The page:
Geoffrey Miller Censured By University of New Mexico For Lying About Fat-Shaming Tweet

Professor Lied About His Fat-Shaming Tweet, Gets Punished

The University of New Mexico announced Tuesday it formally censured Geoffrey Miller, an associate professor of psychology, for lying about his fat-shaming tweet in June.

Miller, a tenured faculty member at UNM, must apologize to his colleagues in the university's psychology department, the university said, and will have his work monitored by department chair Jane Ellen Smith for an unspecified amount of time.

An emailed statement from UNM said Miller violated school faculty handbook policies "regarding integrity and honesty." Miller will be censured "for misrepresenting to his department chair and colleagues the motivation for a tweet he published."

The Internet responded with outrage when Miller tweeted on June 2, "Dear obese PhD applicants: if you didn't have the willpower to stop eating carbs, you won't have the willpower to do a dissertation #truth."

At the time, Miller was a visiting professor at New York University. Although he deleted the tweet and offered an apology, Miller tried to defend the post by telling UNM that it was part of research. Because research involving human subjects requires approval by a university's Institutional Review Board, which Miller did not have, both both UNM and NYU launched investigations into his actions.

The investigations concluded Miller's "tweets were not research with human subjects as defined by the federal government," NYU spokesman Phillip Lentz said in June. UNM reached the same conclusion, saying the tweets were "self-promotional in nature."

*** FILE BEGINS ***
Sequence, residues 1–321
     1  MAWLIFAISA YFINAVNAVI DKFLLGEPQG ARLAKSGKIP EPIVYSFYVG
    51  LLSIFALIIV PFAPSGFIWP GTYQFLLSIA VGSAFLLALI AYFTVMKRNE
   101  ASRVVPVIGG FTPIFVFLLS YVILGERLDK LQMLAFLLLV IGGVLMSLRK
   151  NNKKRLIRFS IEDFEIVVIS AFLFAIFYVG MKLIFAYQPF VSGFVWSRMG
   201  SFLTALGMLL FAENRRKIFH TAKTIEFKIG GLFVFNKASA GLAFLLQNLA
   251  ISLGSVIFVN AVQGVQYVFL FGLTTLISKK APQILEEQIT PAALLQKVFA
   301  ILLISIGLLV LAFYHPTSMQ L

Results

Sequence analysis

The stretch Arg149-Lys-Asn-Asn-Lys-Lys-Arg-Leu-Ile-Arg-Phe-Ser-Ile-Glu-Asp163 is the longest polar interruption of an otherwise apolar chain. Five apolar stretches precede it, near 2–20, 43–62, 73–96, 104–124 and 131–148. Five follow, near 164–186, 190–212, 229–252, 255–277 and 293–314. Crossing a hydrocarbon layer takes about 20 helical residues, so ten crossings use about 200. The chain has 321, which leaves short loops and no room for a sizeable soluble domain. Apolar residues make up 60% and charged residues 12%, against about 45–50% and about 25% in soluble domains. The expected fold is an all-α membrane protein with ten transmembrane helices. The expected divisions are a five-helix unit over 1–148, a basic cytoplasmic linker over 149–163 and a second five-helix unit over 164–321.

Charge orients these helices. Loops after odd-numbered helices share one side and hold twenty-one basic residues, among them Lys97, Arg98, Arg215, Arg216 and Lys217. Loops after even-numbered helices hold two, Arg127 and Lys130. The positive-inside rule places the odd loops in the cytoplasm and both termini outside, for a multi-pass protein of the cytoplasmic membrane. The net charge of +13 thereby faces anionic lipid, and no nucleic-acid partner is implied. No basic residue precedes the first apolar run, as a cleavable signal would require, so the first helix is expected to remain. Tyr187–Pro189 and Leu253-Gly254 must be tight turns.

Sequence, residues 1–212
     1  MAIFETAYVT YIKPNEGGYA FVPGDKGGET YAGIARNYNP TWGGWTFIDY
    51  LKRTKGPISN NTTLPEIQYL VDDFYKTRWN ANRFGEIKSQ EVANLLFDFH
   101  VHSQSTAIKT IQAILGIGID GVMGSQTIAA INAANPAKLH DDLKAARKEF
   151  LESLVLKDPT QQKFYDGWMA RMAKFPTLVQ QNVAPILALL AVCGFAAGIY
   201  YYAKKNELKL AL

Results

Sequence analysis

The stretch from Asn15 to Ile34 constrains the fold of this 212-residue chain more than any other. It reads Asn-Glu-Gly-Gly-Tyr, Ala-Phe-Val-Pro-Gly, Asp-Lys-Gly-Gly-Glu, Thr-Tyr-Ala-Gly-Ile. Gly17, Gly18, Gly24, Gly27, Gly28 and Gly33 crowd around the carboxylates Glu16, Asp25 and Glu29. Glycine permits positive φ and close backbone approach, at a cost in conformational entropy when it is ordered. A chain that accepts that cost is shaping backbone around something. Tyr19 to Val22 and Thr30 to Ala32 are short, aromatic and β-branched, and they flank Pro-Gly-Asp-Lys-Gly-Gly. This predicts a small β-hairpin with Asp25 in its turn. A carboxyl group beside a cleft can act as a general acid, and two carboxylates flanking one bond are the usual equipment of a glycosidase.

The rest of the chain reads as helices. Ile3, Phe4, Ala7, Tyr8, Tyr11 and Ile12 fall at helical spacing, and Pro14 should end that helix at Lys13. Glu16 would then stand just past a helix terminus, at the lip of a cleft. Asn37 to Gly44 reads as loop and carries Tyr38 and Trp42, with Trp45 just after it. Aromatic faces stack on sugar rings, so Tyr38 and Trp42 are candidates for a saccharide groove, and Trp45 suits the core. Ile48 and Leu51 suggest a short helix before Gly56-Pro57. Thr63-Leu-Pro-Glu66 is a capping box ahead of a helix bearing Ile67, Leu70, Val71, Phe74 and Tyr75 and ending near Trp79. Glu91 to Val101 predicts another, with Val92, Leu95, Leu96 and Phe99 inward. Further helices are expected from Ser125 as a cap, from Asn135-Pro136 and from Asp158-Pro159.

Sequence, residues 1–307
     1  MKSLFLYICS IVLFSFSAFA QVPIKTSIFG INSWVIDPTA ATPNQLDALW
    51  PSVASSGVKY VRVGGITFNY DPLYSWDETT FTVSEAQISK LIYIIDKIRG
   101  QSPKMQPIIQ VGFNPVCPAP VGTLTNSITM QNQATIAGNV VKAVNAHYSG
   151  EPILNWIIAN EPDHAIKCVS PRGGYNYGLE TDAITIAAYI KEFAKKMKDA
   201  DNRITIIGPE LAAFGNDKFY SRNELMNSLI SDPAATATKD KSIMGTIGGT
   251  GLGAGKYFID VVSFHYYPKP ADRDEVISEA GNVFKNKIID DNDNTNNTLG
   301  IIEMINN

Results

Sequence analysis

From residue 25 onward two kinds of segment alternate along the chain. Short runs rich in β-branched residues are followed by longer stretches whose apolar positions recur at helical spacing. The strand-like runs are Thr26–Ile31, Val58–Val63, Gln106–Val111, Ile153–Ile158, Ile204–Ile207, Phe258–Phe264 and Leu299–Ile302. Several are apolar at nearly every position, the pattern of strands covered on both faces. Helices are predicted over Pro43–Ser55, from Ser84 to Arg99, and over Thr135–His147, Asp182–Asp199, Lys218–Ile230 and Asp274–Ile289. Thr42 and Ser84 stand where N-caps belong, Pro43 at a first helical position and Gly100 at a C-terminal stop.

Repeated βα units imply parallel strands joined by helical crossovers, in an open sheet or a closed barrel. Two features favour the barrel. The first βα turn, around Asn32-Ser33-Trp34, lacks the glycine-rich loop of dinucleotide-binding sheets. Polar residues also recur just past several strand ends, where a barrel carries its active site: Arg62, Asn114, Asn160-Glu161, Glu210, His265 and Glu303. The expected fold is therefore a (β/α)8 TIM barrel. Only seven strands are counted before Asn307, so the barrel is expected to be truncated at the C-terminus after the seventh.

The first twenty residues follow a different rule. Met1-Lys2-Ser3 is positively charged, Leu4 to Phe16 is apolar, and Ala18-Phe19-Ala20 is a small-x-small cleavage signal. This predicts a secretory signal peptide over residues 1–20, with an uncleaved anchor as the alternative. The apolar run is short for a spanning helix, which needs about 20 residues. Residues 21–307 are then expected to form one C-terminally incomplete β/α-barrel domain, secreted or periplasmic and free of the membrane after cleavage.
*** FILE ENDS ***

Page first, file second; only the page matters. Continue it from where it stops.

NYU allowed Miller to continue his assignment at the private institution until Aug. 31, as previously scheduled, while UNM said in July the public university was still deciding Miller's future. Its decision this week to formally censure Miller is a severe penalty for a tenured faculty member.

Smith did not find any evidence Miller ever discriminated against overweight students at UNM, nevertheless, he cannot serve on any committee involving the admission of graduate students to the UNM psychology department, UNM director of communication Karen Wentworth said in a statement. He also must work to develop sensitivity training around obesity for the department, will be assigned a faculty mentor who he will meet with regularly for three years.

Smith also promised to bring in an obesity stigma expert to UNM "to help educate the community on this important issue," according to Wentworth.

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